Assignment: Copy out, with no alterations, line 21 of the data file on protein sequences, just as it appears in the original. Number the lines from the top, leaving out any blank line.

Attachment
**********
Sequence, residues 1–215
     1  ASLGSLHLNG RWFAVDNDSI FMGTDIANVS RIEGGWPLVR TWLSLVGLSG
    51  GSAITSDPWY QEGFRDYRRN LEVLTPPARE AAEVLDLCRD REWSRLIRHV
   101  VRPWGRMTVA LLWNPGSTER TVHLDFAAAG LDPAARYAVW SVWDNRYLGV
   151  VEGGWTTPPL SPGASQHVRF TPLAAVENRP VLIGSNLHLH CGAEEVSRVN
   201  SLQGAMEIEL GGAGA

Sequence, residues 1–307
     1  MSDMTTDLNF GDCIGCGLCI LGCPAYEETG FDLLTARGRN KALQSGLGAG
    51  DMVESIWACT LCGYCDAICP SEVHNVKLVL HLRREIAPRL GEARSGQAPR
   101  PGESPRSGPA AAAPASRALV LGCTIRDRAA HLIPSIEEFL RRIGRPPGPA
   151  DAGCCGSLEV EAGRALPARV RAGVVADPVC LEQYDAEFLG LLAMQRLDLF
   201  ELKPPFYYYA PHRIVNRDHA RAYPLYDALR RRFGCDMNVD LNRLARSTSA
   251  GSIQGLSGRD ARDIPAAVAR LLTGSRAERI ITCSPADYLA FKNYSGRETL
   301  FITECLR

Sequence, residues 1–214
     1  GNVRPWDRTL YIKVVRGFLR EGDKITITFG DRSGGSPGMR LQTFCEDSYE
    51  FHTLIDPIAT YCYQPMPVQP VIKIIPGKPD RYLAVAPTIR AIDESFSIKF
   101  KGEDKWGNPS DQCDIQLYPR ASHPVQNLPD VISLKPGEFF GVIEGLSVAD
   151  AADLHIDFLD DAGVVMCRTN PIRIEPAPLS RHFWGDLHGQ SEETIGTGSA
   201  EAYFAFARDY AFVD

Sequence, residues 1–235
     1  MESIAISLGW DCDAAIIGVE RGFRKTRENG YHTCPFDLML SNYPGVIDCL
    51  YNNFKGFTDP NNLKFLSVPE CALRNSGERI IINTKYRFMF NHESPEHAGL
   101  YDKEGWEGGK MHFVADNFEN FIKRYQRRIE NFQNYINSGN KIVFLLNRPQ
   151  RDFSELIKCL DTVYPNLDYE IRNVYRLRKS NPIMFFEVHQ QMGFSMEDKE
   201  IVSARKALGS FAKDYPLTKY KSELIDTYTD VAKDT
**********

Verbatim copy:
Sequence, residues 1–235